MIDDLETON –€” Loui Eriksson was among four current Bruins in attendance to support Panthers forward Shawn Thornton at his annual Putts and Punches for Parkinson’€™s golf tournament at Ferncroft Country Club

Eriksson, who was traded to Boston last summer in the Tyler Seguin megadeal, is set to enter next month’€™s training camp as Boston’€™s first-line right wing. This comes after an up-and-down debut season in Boston that saw the now-29-year-old forward struggle with concussions and adjustment to a new team.

The longtime Dallas Star told WEEI.com Monday that he didn’€™t anticipate such a rocky time adjusting to his new team last season, but then again nobody could have expected injuries hitting Eriksson, as he had played every game in all but one of the previous five seasons.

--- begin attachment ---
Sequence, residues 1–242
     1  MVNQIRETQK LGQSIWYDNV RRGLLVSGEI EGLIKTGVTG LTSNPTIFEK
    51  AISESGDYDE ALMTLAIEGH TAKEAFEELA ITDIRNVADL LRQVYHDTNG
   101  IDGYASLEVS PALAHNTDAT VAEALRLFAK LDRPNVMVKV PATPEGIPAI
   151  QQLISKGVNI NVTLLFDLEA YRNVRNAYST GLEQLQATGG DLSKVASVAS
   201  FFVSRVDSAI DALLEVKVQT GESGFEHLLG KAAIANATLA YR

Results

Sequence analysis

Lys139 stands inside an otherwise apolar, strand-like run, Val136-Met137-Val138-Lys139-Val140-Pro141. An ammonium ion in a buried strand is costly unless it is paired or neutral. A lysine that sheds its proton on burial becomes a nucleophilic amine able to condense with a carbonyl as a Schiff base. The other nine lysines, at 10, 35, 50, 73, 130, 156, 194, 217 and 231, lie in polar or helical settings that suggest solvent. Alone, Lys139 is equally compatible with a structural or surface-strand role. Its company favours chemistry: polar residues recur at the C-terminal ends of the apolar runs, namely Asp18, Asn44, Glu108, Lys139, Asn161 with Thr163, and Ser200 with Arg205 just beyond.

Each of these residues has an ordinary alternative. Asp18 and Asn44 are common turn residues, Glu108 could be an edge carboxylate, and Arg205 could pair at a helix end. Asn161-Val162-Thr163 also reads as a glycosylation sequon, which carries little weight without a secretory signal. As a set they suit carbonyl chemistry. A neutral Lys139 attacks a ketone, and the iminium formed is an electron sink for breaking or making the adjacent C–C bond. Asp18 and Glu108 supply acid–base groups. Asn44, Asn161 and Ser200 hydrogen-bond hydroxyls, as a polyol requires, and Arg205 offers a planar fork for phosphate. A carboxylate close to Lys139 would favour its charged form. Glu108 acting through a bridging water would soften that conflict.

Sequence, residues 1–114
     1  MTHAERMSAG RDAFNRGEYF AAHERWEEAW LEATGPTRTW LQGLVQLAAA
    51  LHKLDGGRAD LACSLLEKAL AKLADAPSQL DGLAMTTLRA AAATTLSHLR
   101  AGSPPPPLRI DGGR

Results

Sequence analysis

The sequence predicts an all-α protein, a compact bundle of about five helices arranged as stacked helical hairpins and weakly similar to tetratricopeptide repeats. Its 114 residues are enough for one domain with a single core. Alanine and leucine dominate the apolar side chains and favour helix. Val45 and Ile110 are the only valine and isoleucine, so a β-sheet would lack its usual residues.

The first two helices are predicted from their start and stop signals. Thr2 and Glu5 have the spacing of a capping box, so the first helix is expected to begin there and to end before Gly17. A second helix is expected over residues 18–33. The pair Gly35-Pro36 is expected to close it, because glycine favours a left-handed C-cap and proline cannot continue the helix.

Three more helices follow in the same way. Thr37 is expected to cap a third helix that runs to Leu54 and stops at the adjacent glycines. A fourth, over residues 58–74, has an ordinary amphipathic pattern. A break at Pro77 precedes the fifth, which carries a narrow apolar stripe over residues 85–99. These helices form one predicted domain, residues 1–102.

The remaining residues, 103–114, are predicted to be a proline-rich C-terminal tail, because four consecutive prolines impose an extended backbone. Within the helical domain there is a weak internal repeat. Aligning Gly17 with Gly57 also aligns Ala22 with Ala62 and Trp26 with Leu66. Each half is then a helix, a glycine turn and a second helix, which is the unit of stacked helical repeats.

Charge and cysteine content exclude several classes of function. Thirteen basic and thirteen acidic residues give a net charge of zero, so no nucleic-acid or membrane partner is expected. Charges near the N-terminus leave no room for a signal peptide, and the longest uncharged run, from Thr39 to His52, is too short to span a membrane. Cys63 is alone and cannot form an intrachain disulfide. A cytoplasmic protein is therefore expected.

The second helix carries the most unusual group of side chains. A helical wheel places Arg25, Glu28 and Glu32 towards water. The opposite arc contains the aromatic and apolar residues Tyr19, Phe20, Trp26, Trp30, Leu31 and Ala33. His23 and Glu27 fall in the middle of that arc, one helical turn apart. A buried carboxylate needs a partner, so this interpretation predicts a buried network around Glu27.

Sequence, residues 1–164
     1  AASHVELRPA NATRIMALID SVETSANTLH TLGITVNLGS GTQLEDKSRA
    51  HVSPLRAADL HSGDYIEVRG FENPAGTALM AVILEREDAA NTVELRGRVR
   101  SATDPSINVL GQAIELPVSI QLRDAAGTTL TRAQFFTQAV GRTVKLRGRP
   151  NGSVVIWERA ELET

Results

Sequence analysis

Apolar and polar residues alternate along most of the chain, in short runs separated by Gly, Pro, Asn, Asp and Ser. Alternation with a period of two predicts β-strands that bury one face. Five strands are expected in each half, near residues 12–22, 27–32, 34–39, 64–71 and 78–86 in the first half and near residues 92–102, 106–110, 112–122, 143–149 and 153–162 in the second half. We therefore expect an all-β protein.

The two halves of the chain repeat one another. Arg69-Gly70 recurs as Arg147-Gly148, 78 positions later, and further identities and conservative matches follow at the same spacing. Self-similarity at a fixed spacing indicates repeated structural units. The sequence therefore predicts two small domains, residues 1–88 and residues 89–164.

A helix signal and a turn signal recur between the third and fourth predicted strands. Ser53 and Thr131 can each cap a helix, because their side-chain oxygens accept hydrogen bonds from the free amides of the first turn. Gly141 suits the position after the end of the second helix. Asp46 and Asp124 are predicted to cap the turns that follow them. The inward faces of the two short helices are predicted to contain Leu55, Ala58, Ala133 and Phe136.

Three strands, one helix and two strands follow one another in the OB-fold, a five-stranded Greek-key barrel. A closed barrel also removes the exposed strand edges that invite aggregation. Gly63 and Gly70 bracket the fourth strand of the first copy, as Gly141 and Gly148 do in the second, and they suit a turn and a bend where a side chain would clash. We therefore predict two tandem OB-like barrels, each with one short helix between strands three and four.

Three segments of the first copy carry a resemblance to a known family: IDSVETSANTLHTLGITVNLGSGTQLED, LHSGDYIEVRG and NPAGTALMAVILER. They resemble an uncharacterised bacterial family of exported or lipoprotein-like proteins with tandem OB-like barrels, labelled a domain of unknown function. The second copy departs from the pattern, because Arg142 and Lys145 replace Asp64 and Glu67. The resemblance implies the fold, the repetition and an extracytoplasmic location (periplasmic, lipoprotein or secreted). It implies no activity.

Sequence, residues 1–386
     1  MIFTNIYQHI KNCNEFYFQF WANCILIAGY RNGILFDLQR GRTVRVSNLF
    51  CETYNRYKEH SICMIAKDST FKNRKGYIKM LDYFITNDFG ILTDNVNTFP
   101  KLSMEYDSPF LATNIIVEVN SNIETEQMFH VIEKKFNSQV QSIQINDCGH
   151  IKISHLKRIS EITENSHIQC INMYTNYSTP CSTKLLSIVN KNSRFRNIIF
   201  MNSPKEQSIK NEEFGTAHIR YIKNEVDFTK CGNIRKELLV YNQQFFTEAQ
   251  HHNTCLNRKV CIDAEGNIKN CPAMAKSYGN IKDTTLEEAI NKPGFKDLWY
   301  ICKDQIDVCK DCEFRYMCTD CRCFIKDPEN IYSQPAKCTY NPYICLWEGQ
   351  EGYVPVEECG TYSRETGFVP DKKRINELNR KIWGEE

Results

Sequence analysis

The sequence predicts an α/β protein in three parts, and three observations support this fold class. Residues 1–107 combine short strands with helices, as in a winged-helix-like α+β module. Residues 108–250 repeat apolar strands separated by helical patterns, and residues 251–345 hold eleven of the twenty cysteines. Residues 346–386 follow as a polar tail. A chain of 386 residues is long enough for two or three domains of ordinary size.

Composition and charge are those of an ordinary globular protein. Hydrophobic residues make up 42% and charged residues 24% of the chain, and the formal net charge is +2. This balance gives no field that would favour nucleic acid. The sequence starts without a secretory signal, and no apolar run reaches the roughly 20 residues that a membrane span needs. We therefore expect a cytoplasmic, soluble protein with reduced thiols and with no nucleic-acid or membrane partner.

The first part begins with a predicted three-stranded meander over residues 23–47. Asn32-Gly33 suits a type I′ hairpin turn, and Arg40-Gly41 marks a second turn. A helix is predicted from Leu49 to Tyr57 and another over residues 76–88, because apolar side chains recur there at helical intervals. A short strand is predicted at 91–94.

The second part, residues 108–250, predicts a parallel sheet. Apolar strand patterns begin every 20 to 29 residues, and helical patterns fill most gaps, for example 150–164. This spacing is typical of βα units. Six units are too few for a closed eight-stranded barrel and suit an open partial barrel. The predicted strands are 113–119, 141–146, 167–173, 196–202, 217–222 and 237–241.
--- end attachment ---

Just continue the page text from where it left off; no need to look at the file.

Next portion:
The lack of offensive production (he finished the season with 10 goals and 27 assists for 37 points in 61 regular season games) led to some impatience from fans, but Eriksson, who scored 36 goals in the 2008-09 season and was an All Star in 2011, said the fans should have held him to a high standard.

“It was tougher than I thought, actually, but it was something I have to live with, too. Of course they should have high expectations,” Eriksson said. “It was kind of a tough beginning of my season to play for Boston with all the concussions and everything a new system. I thought I was getting into it more at the end of the season and into the playoffs.”

Check back later for more on Eriksson and what he expects from his second season in Boston. For more Bruins coverage, visit weei.com/bruins.

Blog Author: 
DJ Bean

The Czech Republic handed Canada a 5-2 loss Friday at the world junior development camp, with the victory led by Bruins first-round pick David Pastrnak.